Is building efficiency all about replacing old stuff by new stuff?


Most building managers have the same process when it comes to energy retrofits: Do an audit, identify the largest consumers, then replace it.




Half of the energy consumed by your buildings is due to heating, cooling and ventilation systems. Replacing AHU, RTU has been around for decades, but is it the most cost-efficient way to reduce HVAC energy?


The way these large consumers are controlled is of paramount importance. Do you know who controls your expensive HVAC? That’s your building management system, aka BMS.




Back in the day, maybe you remember having seen way too many lights on in an office building late at night? Even today, there are many opportunities to improve how things are set in your building management system. Problem is, it requires expensive yearly updates from the manufacturer and frequent on-site visits from your contractor.


Now, if you have understood the full potential of a fine-tuned, optimized HVAC control, and maybe you are in the top 1% of buildings with BMS up-to-date, and maintenance teams who can fine-tune the algorithms over the years, according to the initial BMS designers.


… In 99% of buildings, it is simply not the case and this HVAC inefficiency is a great opportunity to tap into.


Even if you’re in the top 1%, then you need to know that your control strategy relies on, well… Very reliable components, and very reliable algorithms, known as PID.

Why are they reliable? Because they’re old!

If you check on Wikipedia, these universal algorithms were invented in the early 20th Century to help ships navigate. There have been a few improvements, like electronic PID in the 50s, but nothing fundamental has changed.


In a nutshell, the world —well at least all of its buildings — has to face a challenge like global warming with… algorithms from the 50s.


Wait… What? Algorithms from the 50s?


Why don’t we apply artificial intelligence to this problem?” whispers generation Z.




That’s exactly what we did, after an initial success with Google Nest in US homes in 2016. We researched about the caveats of existing HVAC control algorithms, and it turned out we uncovered something to optimize:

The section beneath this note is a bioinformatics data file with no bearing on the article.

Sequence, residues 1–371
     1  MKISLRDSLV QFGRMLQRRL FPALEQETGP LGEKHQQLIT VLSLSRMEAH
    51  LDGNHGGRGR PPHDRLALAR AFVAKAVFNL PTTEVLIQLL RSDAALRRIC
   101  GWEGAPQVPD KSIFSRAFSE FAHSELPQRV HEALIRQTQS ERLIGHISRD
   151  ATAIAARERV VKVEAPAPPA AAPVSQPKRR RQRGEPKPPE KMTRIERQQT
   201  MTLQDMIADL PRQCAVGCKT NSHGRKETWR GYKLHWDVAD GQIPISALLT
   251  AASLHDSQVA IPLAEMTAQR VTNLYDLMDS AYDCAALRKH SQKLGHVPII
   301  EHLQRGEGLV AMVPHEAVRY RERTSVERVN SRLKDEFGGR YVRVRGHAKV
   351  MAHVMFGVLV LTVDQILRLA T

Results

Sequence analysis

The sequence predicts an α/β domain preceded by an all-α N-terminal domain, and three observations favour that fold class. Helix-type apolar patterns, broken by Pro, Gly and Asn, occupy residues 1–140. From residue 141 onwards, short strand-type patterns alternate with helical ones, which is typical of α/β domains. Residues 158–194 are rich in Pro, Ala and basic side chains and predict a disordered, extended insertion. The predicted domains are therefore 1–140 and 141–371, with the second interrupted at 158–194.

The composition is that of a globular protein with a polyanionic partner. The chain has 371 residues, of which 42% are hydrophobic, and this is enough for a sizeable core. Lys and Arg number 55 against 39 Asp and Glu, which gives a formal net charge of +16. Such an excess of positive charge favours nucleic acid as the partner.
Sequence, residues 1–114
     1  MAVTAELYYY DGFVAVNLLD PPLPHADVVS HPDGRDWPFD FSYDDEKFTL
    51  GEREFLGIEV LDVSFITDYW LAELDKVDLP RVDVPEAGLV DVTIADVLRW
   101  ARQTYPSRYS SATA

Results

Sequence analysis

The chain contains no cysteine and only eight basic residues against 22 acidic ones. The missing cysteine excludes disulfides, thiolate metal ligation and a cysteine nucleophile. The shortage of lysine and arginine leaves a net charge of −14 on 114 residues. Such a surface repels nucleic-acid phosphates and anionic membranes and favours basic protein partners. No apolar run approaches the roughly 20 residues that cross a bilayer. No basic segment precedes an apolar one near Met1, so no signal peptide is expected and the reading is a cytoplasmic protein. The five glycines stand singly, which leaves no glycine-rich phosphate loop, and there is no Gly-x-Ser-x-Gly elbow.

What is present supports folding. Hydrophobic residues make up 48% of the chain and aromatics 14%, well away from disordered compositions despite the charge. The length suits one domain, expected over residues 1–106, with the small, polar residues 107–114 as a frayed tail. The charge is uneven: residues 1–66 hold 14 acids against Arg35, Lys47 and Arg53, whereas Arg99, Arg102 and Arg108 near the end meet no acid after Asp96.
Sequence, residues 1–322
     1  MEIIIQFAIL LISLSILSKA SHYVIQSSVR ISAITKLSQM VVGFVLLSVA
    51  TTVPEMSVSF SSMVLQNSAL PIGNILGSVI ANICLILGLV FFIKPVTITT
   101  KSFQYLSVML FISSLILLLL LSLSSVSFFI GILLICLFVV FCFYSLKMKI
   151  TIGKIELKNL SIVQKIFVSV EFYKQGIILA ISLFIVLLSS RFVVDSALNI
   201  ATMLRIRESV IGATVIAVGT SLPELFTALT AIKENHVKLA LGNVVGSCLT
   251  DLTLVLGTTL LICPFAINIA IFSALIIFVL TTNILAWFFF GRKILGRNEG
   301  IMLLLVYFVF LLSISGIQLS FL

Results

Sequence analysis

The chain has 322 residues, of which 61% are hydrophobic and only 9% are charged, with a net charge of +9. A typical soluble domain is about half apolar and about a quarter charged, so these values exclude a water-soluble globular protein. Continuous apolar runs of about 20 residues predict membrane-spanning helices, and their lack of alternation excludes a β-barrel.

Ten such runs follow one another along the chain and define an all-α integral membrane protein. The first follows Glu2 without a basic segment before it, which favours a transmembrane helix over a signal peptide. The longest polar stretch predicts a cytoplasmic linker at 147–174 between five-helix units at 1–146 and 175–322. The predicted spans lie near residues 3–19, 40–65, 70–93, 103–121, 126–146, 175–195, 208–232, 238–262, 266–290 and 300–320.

Did you know that even premium office buildings cool incoming air before reheating it a few seconds later?


That’s a shocking observation for someone not in the field, like we were five years ago. So we applied advanced AI to what is called “supply air temperature” in a 150,000 square-foot office building in Denmark.


Despite the platinum certification (the highest grade of this German certification, DGNB), our optimized control saved 52% on HVAC energy. Think about it. 52%.




To achieve a similar result, you could also change all the windows of your building.


Changing windows is capital intensive, is long, it creates nuisance. In comparison, having a better control for the largest consumers, by modifying your software, is quick and simple.




Traditional energy retrofits are obviously very relevant, but given the caveats, it’s time to think outside the box define you, efficient solutions.


AI-driven technologies are booming in recent years. You may think this is because AI has just been a buzzword for a while, but if Google decided to optimize HVAC in its huge datacenters, there’s probably a solid reason. The quick payback, and reducing risks, are just a few of them.


Will you be in the next wave of leaders around this new approach of energy retrofits?





By Adrien Lafond, Chief Marketing Officer at Foobot